Born into a family of generations of mariners, Albert John Emptage earnt his living by the sea, having begun to work with boats at the age of eight. Whilst he had a turbulent domestic life, his skill at sea was undisputed. Albert was a member of the Margate lifeboat service for 40 years, many of them as coxswain. It was not just his height which made him a ‘giant of a man’.
Today there are many powerful global companies but the largest and most powerful was the East India Company. It had its own army and navy to protect its interests. George Emptage served in the company’s Bombay Marine, rising to Commodore and seeing action in the Second Anglo-Mysore War in India.
Thomas was called upon to do his duty and hire out his cutter to the Navy Board, to help service the English fleet at war with France.
If you hire something out, you expect to be paid for your time and expenses especially when, during the period of the hire, you’ve not had any other form of income and have incurred debts on behalf of your country.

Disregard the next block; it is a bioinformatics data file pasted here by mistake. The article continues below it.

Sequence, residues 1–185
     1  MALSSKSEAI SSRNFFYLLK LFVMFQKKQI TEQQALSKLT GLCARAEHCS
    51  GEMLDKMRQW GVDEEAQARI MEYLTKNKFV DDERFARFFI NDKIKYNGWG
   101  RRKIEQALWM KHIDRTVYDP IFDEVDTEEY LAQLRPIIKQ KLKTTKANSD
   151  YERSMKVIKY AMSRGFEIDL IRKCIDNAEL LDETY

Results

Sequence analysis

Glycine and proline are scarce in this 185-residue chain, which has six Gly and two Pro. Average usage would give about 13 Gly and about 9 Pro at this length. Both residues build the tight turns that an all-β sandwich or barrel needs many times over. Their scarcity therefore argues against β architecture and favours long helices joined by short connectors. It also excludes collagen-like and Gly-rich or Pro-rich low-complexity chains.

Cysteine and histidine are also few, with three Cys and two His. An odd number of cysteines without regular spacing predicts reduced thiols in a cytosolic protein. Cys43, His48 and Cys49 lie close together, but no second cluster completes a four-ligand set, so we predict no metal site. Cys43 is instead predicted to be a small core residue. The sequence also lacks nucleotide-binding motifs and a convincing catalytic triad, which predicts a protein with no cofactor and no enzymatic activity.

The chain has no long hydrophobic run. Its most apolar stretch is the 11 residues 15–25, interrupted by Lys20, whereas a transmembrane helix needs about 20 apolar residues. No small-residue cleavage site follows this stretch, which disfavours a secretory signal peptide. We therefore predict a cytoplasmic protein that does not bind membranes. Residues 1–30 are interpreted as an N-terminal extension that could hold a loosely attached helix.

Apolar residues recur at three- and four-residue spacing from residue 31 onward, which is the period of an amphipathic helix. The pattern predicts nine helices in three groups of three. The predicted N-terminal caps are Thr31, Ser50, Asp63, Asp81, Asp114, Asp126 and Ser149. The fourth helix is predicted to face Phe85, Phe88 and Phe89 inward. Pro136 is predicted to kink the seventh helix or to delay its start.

Thomas, like many other people at the time, found himself having to argue with the Navy Board in order to be paid.
The story of an encounter with a veteran boat man named Hemptage and of his meeting with Napoleon Bonaparte. Why was it so important?
The brigantine ‘Druide of Cardiff’ was driven ashore on rocks opposite Fore Point, Margate. Subsequent events led to the shaming of Edwin Robert Emptage, second coxswain of the lifeboat Quiver and the awarding of Sea Gallantry medals to Albert John Emptage and six others. Did Edwin deserve to be pilloried or were political forces at work, using him as scapegoat?
Those words are inscribed on the RNLI memorial in Poole Dorset.
The memorial contains a list of over 800 lifeboat crew and others who have lost their lives whilst endeavouring to save others at sea, together with the places and dates. The names include two members of the Emptage family.